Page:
Germany rejects US demand to increase troops

By Tony Paterson in Berlin

A bitter diplomatic row between Germany and the United States deepened yesterday after Berlin flatly rejected demands from Washington that it deploy troops in war-torn southern Afghanistan and angrily dismissed the request as “impertinent” and a “fantastic cheek”.

Germany currently has some 3,200 soldiers stationed in comparatively tranquil northern Afghanistan and the capital Kabul as part of the current Nato peacekeeping mission. It has been urged to deploy troops in the south before but has consistently refused. Yesterday however, it became clear that Washington had stepped up pressure on Berlin to commit troops to the south.

The move followed increased Taliban attacks and threats from Canada that it would withdraw its Afghanistan contingent completely unless more Nato troops were sent south. Canada has lost 77 combat troops in the region.

Two US non-governmental studies released this week warned that Afghanistan could once again become a failed state and terrorist haven.

Details of what was described as an “unusually stern” letter written by Robert Gates, the US Defence Secretary, to Franz Josef Jung, his German counterpart, were leaked to the Süddeutsche Zeitung newspaper yesterday.

The letter described Germany’s performance as “disappointing” and asked it to consider a new Afghanistan mandate which would enable its paratroopers and helicopter units to be sent to the south of the country. It said the US wanted German soldiers to help replace an American contingent of 2,200 troops which is to be withdrawn this autumn.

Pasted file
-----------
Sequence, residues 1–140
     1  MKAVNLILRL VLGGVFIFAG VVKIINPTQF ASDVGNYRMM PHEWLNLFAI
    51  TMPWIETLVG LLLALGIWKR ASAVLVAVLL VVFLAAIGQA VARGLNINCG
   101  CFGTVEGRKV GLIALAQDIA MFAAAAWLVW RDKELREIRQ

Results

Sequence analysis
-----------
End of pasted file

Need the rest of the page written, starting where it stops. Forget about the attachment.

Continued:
Germany’s response was a mixture of outrage and surprise. Initial comments leaked from an unnamed defence ministry source described the Gates’ letter as “impertinent”, and as a “fantastic cheek”. One official accused Mr Gates of trying to inflict “psychological torture” on Germany.

Chancellor Angela Merkel let it be known through her spokesman that the issue was “not up for discussion”. Franz-Walter Steinmeier, the German Foreign minister, also flatly rejected the idea. “I think we must continue to focus our attention on the north,” he said.

Mr Jung later justified the German position insisting that there were “clear regional divisions” regarding troop deployment in Afghanistan. “Our current mandate only allows for German soldiers to be sent to the south in emergencies,” he said. The issue is expected to come to a head next week when Nato defence ministers meet in Lithuania to discuss Afghanistan. Social Democrat MPs in Ms Merkel’s conservative-led grand coalition government also argued strongly against the idea of sending troops south. Rainer Arnold, the party’s defence spokesman, warned that the idea risked undermining the already shaky public support for Germany’s entire Afghanistan mission.

“I cannot see broad acceptance for this idea coming from parliament or from the public”, he said “This is a precondition for our continued presence in Afghanistan.” Germany’s presence in the relatively peaceful north of Afghanistan is already unpopular. An opinion poll last year suggested that more than 50 per cent of Germans wanted a complete withdrawal of troops. Ms Merkel’s government is currently facing opposition to plans to deploy a 200-strong unit of combat forces in the north to replace a Norwegian unit which is currently policing the region.

Germany has already been afforded a special Nato caveat which in effective prohibits its troops from going on the offensive unless they are first attacked. At next Thursday’s Nato summit in Vilnius, Germany is expected to come under intense pressure to lift the caveat.

Several German commentators attacked the government for rejecting the American request. The left-leaning Süddeutsche Zeitung accused politicians of being afraid of the voters.

* The US Secretary of State, Condoleezza Rice, will visit London next week to discuss strategy on Afghanistan, Iran and other issues with the Foreign Secretary, David Miliband. Ms Rice, who arrives on Wednesday, will also meet the Prime Minister, Gordon Brown.